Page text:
(a) Filed or caused to be filed...numerous affidavits.. making various assertions, such as the ownership of the mortgage note and mortgage, the amount of principal and interest due, and the fees and expenses chargeable to the borrower, in which the affiant represented that the assertions in the affidavit were made based on personal knowledge or based on a review by the affiant of the relevant books and records, when, in many cases, they were not based on such knowledge or review;

(b) Filed or caused to be filed in courts... numerous affidavits and other mortgage-related documents that were not properly notarized,..

(c) Litigated foreclosure and bankruptcy proceedings... without always confirming that documentation of ownership was in order at the appropriate time, including confirming that the promissory note and mortgage document were properly endorsed or assigned and, if necessary, in the possession of the appropriate party...
Heavens, what a scandal...Documents not properly notarized! Notice it does not even "allege" that anyone was actually kicked out of a house who was paying their mortgage.
WHEREAS, as part of the Settlement Agreement the Ally Parties agreed to provide consumer relief, which may include mortgage principal reductions or refinancing, and other assistance to certain residential mortgage borrowers (the “Borrower Assistance”)

NOW, THEREFORE, ..and solely for the purpose of settling this matter without a formal proceeding being filed and without the necessity for protracted or extended hearings or testimony, it is hereby ORDERED by the Board of Governors,... that:

1. Ally Financial, ResCap, and the Mortgage Servicing Companies are hereby jointly and severally assessed a CMP [civil monetary penalty] in the amount of $207,000,000...

2. ...the Board of Governors shall remit up to $207,000,000 of the CMP by an amount equivalent to the aggregate dollar value of the Borrower Assistance provided....

3. .. the Board of Governors shall also remit up to $207,000,000 of the CMP... by an amount equivalent to the aggregate amount funds expended by Ally Financial, ResCap, and the Mortgage Servicing Companies on funding for nonprofit housing counseling organizations, approved by the U.S. Department of Housing and Urban Development, to provide counseling to borrowers who are at risk of or are in default or foreclosure, or to provide assistance to borrowers in connection with the independent foreclosure reviews required by the Consent Order...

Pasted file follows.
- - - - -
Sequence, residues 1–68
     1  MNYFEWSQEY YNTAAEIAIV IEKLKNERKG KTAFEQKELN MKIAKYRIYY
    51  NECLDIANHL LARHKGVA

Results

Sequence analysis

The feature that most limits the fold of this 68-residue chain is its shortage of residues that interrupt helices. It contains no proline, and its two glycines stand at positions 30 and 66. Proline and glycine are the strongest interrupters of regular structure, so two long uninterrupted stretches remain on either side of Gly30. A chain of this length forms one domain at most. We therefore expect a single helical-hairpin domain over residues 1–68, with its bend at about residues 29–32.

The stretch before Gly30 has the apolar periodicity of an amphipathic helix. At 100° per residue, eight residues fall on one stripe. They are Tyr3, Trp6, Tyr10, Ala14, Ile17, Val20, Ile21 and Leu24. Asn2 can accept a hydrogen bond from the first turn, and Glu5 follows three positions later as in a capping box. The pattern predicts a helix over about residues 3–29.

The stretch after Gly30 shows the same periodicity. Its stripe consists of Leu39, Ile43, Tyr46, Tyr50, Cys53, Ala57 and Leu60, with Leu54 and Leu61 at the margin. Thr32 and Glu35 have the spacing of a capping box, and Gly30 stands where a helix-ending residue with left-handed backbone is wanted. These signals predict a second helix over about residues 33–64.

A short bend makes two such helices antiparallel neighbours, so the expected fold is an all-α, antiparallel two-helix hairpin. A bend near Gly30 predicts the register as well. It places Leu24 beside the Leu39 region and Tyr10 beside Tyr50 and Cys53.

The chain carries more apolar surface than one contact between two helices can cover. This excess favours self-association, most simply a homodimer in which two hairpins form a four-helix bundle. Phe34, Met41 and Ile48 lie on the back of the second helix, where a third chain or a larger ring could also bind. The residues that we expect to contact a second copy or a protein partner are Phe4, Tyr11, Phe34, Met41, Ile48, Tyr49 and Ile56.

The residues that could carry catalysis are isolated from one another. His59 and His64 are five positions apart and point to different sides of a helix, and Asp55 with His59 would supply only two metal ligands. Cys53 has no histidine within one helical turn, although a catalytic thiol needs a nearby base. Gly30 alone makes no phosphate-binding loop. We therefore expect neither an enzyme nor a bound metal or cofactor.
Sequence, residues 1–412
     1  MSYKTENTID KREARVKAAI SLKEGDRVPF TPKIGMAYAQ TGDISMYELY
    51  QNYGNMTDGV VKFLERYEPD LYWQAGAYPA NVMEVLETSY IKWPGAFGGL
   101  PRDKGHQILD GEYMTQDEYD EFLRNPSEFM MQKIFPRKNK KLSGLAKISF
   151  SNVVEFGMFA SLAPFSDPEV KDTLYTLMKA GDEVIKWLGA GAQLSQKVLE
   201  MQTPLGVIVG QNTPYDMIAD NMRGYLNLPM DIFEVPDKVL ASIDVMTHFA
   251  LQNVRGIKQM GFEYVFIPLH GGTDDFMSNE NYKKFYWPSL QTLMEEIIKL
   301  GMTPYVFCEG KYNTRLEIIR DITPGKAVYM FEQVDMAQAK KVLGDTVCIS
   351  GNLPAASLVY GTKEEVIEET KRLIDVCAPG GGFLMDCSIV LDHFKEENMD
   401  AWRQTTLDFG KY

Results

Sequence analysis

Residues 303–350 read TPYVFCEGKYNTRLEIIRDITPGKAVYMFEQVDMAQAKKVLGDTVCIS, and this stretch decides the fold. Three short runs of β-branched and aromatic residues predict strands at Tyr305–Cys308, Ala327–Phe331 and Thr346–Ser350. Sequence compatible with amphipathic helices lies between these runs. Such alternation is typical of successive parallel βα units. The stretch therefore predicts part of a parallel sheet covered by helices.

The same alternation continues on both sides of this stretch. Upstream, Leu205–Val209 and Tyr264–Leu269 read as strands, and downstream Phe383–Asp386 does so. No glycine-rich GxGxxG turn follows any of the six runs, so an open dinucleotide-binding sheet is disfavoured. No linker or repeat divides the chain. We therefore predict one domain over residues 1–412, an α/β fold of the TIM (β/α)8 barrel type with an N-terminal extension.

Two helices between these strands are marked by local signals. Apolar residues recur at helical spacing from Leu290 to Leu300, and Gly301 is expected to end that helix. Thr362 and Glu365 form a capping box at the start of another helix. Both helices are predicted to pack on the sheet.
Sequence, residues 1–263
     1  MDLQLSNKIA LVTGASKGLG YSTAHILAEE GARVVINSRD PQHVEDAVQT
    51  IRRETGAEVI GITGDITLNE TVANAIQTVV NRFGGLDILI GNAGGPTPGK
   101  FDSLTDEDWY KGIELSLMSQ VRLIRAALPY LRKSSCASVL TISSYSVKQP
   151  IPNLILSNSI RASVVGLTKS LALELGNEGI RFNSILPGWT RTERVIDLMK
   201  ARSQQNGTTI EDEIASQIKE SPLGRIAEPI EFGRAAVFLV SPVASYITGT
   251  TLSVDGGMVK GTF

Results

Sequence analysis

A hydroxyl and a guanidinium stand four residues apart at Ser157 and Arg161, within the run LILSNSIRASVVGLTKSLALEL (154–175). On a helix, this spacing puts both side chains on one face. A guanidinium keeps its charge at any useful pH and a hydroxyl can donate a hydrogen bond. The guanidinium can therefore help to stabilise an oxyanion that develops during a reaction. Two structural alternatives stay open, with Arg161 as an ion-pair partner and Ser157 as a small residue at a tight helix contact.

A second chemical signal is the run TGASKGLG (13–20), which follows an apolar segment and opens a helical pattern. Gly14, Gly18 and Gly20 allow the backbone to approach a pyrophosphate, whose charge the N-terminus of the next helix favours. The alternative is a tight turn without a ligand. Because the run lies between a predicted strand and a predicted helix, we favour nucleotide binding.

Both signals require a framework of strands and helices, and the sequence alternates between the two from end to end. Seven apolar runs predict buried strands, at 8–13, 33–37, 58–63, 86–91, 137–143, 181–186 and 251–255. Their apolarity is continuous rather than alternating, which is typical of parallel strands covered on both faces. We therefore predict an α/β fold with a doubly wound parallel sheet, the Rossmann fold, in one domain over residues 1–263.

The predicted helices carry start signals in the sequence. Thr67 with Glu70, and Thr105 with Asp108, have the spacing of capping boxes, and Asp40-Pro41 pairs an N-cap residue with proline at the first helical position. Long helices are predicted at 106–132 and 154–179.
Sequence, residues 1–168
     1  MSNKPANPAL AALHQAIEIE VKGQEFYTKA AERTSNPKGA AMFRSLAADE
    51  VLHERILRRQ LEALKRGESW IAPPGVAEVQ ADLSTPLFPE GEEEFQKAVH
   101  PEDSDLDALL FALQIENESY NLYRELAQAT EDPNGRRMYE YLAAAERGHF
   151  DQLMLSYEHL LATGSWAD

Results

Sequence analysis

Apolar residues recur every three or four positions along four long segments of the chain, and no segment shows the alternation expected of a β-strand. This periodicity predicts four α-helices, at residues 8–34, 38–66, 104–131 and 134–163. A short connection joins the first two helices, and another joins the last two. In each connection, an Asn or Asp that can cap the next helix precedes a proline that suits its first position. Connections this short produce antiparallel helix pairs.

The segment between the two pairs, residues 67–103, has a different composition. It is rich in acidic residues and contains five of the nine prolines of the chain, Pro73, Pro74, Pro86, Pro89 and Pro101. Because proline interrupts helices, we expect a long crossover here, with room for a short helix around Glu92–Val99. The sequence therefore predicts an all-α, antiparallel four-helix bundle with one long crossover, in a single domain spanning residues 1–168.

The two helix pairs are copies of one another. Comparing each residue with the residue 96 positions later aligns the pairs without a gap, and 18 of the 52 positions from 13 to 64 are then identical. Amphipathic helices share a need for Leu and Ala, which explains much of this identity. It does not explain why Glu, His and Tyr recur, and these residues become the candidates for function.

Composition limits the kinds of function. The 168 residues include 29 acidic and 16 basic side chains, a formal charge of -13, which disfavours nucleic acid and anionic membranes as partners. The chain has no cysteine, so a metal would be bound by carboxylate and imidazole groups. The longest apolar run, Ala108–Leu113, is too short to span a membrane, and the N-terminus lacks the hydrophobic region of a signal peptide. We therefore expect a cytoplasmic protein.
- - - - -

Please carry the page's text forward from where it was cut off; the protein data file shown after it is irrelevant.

Again, right there in print:

1) Ally is to provide "relief" to borrowers, not victims of the lack of notarization.

2) They're doing it to avoid the threat of huge legal bills.

3) Legally, the Fed can't tell Ally to write people checks. So, the Fed is  going to levy a $207 million penalty because Ally's lack of notarization is an "unsafe and unsound" practice. Then the Fed will "reduce the penalty" by exactly the amount that Ally spends on "borrower assistance."

4) It's not just writedowns,  but all the hilarious stuff in the last paragraph -- "funding for nonprofit housing counseling organizations!" Stuff that the Administration wouldn't dare put in a budget it sent to Congress.

It's a bit puzzling that the Fed signed on to this agreement, actually. As above, the White Paper on Housing and Fed official's speeches are pretty negative on mortgage writedowns. One sniffs a lot of pressure coming form the White House.